I have to cheer the musical "Rocky," even before I've seen it, or read all the reports on it.
Golly, how many times have I seen the film -- the first one -- then II, III, IV, V, and VI, "Rocky Balboa?"
How many times? Countless times I have been excited by composer Bill Conti's music that crescendos as Rocky goes for an early morning run, and races up the steps of an imposing building, and celebrates being at the top!
Rocky, the character we meet in the first "Rocky" -- each time I meet him, I think, "What a hero."
Want to have a minute of slightly wicked, gossipy fun? Click the link and read the blog I wrote in August 2010, Stallone. Back in the nineties, I sort of met in him at the Malibu Gym, and sort of flirted with him. Back in those days there was a lot of speculation about his private life and curiosity about what he was working on.
I wonder how Stallone feels about his work -- all the films he's made and other memorable characters he's evolved? The hero "Rambo," with all the violence in it, was hard for me to watch. But "Cop Land" -- the small town Sheriff that Sylvester played, an over-the-hill guy who refused to be silent about what his corrupt buddies were doing -- it was one of my favorites. I know you have your favorites, so here's the list of what he's done.
He's done everything -- screenwriting, directing, all kinds of fight choreography, designing, casting, costuming, producing, as well as promotion.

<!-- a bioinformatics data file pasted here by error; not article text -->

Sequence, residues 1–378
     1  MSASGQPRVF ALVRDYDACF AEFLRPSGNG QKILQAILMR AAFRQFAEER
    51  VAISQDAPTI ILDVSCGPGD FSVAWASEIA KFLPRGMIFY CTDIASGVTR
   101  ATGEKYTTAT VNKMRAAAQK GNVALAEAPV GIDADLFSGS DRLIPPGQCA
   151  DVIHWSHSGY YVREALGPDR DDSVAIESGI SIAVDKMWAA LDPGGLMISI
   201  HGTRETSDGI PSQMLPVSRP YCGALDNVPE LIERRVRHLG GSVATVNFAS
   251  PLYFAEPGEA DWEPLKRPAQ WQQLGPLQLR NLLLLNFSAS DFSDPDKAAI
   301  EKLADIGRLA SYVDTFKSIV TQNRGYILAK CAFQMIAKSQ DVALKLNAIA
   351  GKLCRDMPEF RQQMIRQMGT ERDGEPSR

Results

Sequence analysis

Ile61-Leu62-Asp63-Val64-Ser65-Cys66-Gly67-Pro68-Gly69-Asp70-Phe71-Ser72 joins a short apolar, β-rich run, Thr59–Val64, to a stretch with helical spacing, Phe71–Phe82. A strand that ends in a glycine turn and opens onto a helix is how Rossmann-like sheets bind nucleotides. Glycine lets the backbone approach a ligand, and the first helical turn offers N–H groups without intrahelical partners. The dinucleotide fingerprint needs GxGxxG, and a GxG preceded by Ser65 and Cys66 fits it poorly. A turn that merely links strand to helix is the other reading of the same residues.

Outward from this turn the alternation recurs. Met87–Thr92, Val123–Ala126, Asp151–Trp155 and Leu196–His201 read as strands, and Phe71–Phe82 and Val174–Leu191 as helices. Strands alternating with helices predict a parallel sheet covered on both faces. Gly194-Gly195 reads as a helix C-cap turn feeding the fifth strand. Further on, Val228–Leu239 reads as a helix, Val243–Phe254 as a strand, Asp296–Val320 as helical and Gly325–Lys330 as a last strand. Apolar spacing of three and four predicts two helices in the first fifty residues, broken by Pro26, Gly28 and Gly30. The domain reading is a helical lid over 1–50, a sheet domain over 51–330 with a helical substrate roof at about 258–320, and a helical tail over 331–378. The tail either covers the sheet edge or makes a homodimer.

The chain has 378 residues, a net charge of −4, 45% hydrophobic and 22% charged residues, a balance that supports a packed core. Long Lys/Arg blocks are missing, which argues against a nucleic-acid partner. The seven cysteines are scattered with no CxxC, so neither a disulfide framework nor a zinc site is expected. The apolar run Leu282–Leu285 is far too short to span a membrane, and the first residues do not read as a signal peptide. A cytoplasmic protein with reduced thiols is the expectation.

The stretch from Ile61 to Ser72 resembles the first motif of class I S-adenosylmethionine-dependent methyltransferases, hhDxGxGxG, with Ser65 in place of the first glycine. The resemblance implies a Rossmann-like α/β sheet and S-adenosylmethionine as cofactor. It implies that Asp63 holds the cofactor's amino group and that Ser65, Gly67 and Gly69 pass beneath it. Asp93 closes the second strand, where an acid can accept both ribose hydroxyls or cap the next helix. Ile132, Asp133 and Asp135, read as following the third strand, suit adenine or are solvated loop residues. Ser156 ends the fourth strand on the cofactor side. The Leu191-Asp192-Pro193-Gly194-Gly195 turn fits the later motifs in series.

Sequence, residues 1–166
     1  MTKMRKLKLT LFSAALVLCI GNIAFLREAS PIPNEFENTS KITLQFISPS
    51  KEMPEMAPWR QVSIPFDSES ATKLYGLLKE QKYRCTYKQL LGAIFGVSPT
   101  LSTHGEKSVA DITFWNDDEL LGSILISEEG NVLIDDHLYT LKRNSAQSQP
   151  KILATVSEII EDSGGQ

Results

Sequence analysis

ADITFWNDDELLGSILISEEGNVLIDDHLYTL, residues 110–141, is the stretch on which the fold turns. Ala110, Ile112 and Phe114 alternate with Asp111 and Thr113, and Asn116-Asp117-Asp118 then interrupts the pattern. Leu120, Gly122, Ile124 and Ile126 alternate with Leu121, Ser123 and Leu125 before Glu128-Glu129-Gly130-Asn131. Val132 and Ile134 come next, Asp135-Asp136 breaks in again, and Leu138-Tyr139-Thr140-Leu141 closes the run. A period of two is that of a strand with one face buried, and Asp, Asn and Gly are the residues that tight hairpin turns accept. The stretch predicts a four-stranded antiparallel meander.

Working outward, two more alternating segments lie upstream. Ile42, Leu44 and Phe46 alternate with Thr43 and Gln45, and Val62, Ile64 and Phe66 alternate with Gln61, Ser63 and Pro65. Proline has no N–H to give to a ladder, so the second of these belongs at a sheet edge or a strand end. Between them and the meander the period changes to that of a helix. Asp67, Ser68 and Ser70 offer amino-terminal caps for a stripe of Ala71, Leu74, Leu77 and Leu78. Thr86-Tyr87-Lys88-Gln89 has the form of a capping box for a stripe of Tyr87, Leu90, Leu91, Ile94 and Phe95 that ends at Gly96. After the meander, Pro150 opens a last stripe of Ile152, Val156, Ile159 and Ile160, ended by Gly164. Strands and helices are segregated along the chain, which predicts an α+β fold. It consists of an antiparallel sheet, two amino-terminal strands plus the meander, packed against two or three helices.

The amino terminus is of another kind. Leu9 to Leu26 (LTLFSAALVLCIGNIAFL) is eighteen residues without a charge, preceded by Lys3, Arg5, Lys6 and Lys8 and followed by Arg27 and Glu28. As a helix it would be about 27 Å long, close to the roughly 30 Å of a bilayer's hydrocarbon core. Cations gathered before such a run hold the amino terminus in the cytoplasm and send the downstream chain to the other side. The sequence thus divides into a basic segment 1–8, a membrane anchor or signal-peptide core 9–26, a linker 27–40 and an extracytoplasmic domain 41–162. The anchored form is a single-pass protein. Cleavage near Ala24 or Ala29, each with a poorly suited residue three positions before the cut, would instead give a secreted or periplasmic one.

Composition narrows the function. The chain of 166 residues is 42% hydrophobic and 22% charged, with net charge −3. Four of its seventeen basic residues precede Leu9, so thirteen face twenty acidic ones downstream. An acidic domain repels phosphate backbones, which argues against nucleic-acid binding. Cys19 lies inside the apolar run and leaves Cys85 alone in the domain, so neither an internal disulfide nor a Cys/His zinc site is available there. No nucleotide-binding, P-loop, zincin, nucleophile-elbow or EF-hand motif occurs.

Why am I blogging about him?
It's the goose bumps I've gotten. He's 67, still a builder -- a contractor, bricklayer, worker-guy with big energy. Age prejudice won't stop him; the need for money won't stop him. He couldn't have created the heroes he keeps creating if he, himself, didn't have a powerful sense of honesty, and wasn't a hero himself.
Will the musical "Rocky" become a smash hit on Broadway? It's open, they're selling tickets already for next year. The officoal mid-March opening got mixed reviews. Read what Ben Brantley the New York Times said about it -- there are some wonderful quotable quotes. Will "Rocky" be like "Spider Man," sold by word of mouth despite the limitations that were pounced on by the critics?
My husband, John Cullum, and I know producers, writers, directors, casting agents who have put their eggs in the basket of a musical that flopped, and turned various flops into a money-making long-running shows.
I think Stallone will hone itwhile he's working on the next project and the next -- keep honing it, till the Rocky musical will become a real smash hit -- anevening of goose bumps.